“Evaluation parameters have definitely changed. While we have certain measurable parameters from pre-covid times, we are also linking incentives to qualitative ones now,” says Chopra.
At Vayana Network, a supply chain finance facilitator, the KPIs are no longer linked to each employee, rather the onus is on the entire team performance, which will be assessed every three months.
“Teams are friendlier and more communicative now,” admits Ronak Desai, vice-president (marketing). He has also scrapped productivity aligned to pre-defined hours of work.
Vayana Network is also focusing on organizing functional training programmes to ensure everyone knows what other teams are doing.
“Eventually, we want to link this to the KPIs. So, for instance, if you know one thing but also have knowledge about two or three more things, your KPIs will be amended accordingly. This way there will be a lot more innovation and ideas coming from everywhere and people won’t work in silos,” says Desai, who has hosted five such sessions, especially for IT and marketing teams, in the past month.
The need for new ways of assessing and engaging remote staff has also led tech and co-working spaces to come up with a slew of products catering to the changing needs.
Madhusudhan Nayak, global head (growth), Profit.Co, which offers OKR (objectives and key results) software solutions, has seen a nearly 25% increase in productivity and almost 35% increase in team engagement in certain departments, post lockdown.
Through OKR, there is a level of transparency and clarity created in what the organization is seeking to achieve in the short- and long-term.
This, Nayak believes, will enable employees to decide which sort of work they should prioritize, instead of focusing only on their assigned tasks. It also allows high sense of ownership, with people being more engaged, he adds.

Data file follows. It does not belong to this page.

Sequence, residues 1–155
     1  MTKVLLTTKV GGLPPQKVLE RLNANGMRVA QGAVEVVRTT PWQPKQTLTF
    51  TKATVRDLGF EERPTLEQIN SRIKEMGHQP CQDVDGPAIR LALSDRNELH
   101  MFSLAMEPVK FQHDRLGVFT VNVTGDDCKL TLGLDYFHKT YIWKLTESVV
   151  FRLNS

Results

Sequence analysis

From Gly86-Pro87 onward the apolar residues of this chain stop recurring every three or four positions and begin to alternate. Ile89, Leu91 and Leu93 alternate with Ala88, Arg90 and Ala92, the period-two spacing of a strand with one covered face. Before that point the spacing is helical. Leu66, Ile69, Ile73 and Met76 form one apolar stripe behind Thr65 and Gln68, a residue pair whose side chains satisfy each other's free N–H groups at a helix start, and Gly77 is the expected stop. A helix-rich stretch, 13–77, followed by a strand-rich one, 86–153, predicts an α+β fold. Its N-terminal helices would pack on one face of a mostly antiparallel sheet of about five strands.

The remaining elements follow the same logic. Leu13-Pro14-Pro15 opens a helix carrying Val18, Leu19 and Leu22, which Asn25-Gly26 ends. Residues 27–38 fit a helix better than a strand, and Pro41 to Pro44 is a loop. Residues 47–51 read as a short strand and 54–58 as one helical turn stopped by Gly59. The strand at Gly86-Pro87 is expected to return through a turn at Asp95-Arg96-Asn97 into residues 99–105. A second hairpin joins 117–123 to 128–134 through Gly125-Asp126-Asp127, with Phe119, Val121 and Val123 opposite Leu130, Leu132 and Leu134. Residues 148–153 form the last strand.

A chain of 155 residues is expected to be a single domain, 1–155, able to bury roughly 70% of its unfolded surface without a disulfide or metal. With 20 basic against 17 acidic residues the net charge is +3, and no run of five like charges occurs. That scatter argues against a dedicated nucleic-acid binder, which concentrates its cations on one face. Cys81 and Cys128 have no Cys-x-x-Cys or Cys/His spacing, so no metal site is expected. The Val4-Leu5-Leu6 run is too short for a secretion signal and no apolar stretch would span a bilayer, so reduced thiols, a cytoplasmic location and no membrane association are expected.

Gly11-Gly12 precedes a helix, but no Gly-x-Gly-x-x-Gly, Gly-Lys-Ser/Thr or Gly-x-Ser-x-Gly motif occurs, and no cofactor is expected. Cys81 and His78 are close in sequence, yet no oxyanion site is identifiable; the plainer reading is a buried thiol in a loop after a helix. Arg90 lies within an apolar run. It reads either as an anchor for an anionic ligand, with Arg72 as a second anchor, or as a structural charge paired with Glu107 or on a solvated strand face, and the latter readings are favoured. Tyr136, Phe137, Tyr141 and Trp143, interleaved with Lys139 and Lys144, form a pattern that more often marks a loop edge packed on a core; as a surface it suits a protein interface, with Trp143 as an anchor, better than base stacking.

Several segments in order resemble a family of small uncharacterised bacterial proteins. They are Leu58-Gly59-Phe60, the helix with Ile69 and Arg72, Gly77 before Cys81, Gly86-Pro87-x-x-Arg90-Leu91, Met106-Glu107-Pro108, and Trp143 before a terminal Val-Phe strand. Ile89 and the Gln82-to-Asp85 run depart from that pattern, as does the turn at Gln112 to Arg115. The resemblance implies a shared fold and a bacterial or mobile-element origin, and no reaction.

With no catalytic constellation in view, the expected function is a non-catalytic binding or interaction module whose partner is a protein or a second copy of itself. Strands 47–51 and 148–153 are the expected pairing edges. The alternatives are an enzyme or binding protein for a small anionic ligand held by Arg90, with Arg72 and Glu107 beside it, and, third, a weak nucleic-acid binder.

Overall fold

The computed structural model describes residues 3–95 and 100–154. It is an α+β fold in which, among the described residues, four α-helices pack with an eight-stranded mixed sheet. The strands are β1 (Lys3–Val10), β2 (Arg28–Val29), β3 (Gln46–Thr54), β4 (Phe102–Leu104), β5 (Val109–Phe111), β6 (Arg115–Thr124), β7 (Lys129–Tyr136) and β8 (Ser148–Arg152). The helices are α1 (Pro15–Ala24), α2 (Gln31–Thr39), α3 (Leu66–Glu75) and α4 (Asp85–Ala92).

With its recently launched The a@h Assessment tool, co-working space Awfis is offering its clients office furniture like tables and ergonomic chairs, along with business broadband, IT support and facilities to use its meeting room or having it as a business address on monthly subscription basis.
They have also tied up with two tech players, who focus on remote team management and productivity measurement.
Focus on outcomes
“In the last three months, we have learnt that businesses are focusing more on outcomes and results rather than individual performance. We are being the enablers to help them achieve that,” says Awfis founder Amit Ramani.
While companies can innovate and use technology to track the productivity and emotional quotient of their employees during this disruptive time, one thing they still can’t seamlessly do through the virtual medium is acquaint a new hire with the company’s culture.
“That’s the biggest concern for us,” says Chopra. “We recently hired someone for graphics, who is in Kochi. Usually, we either fly down or ask the person to visit the head office for an immersive training. During this time, the person also understands and observes the organization’s vision and culture. Now, with travel restrictions, I am sending a couple of YouTube videos that echo my philosophy and beliefs and will quiz the new hires on it,” he says. “It’s definitely not the same as face to face.”
Other Source: Mint